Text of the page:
"Dear Child" | Reviewed by Chris Stuckenschneider
A woman disappears after a party in Munich—23-year-old Lena hasn’t been heard from in 14 years. Her grief-stricken parents continue to hope for a miracle.
Suddenly it appears one has happened; a woman under cover of darkness escapes from an isolated cabin where she’s been held hostage and forced to have children with her aggressor. The kids, Jonathan, age 11, and his sister Hannah, 13, have never experienced a normal life, or realize the way they've been raised is far from the norm.
When an opportunity for freedom finally occurs, Hannah leaves with the woman, only to witness a living nightmare when the woman is hit by a car and is badly injured.
“Dear Child” is a potboiler by Romy Hausmann, a German author from Stuttgart who carves out a name for herself with this intense novel that kept me up late flipping pages, totally possessed.
The author had me at the onset as Hannah accompanies the badly injured woman in an ambulance to the hospital, where the child is cared for and gently questioned. The condition of the accident victim remains precarious. She remains unconscious when the police contact her parents, Matthias and Karin, to break the news that they think Lena has been found. Naturally her parents are hell bent on seeing her and rush to the hospital.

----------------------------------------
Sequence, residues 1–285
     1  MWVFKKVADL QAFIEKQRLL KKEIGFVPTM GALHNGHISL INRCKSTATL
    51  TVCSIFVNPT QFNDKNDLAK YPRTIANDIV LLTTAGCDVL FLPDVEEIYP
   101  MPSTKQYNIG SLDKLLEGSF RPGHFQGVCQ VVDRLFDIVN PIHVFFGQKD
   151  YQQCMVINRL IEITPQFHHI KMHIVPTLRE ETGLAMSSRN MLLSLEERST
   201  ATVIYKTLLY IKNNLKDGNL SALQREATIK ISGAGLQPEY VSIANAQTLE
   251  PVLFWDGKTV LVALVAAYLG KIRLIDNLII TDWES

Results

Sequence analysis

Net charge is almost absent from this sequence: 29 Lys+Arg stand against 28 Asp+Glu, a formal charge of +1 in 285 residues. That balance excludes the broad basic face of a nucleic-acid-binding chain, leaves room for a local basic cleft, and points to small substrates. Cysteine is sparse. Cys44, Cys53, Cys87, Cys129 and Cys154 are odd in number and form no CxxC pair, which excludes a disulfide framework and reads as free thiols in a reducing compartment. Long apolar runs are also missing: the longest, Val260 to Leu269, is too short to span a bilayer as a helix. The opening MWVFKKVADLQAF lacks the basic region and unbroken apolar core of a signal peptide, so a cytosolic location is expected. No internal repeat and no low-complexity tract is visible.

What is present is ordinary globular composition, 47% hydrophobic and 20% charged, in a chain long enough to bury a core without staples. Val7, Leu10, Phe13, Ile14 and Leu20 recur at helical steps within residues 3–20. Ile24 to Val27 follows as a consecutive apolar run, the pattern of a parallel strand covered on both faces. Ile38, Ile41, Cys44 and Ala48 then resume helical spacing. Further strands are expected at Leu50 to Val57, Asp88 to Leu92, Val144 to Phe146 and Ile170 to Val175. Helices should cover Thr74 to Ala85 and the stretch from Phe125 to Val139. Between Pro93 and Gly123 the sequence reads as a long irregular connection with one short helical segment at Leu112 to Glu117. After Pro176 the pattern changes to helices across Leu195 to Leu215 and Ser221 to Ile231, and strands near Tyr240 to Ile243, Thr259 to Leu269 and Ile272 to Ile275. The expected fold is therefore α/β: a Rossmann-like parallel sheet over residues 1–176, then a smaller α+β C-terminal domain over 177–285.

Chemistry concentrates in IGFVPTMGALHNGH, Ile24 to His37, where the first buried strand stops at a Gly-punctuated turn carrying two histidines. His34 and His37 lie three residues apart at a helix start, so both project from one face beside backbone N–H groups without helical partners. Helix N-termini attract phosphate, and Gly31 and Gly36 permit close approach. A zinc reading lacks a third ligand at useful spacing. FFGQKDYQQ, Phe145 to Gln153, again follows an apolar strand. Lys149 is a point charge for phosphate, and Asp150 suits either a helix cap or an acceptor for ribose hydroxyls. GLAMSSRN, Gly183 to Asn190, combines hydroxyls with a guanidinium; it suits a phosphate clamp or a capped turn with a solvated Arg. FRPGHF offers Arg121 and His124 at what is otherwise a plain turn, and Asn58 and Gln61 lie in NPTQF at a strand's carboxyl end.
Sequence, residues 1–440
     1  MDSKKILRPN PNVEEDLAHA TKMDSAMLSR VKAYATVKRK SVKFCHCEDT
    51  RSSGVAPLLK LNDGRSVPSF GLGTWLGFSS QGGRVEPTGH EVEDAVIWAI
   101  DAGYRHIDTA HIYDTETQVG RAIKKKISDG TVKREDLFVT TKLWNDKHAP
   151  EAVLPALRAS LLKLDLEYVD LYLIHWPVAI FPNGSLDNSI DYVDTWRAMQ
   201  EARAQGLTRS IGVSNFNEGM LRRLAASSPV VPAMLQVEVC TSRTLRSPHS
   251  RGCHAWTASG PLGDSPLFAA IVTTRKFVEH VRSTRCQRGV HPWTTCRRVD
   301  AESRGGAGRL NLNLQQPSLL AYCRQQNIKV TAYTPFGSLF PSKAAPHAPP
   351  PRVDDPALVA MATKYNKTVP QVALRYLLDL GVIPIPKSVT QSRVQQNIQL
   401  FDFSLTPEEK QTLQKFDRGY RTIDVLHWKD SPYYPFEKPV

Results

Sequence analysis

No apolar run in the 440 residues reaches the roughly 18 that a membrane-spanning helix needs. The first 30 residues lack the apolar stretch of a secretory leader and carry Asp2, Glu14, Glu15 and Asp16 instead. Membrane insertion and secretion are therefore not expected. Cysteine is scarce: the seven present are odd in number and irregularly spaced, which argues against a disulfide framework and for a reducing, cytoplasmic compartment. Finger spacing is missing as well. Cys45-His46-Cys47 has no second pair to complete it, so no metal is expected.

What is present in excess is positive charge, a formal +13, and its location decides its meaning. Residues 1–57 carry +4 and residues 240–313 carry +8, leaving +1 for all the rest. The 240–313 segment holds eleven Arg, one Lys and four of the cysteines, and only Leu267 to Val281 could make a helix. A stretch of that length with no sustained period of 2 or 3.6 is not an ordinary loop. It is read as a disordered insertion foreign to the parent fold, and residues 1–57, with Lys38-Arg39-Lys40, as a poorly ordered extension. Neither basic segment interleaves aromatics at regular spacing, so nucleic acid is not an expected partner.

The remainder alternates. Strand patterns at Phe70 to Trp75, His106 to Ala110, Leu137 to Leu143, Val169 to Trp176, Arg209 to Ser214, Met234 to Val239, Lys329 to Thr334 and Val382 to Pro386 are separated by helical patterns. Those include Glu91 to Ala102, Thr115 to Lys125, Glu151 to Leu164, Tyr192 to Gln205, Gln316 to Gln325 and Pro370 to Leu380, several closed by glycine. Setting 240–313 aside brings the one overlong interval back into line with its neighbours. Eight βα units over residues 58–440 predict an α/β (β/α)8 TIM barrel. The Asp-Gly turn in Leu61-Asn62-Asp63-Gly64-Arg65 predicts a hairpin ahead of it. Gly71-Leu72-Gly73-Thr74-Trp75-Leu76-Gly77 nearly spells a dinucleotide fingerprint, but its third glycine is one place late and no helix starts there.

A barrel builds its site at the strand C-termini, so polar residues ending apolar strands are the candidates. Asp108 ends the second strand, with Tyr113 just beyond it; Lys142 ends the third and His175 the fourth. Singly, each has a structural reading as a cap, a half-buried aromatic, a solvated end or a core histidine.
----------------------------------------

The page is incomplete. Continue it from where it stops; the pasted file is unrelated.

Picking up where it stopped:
Hausmann deftly juggles sections narrated by Hannah, Lena, Matthias and Jasmine, a character that provides a shocker I didn’t seen coming. As the story moves back and forth in time, readers experience the horrors Lena lived through after she was kidnapped, and walk through the perils she faces afterwards—her life once again in danger, or is it? Perhaps a mind damaged by post-traumatic stress is playing tricks on her.
“Dear Child” is a well-executed thriller that kept me guessing and necessitated a return to the beginning once the secrets of the story had been revealed. In the reread, I came to admire Hausmann’s craft even more and the clever way in which she pulled off a must-read sure to appeal to many.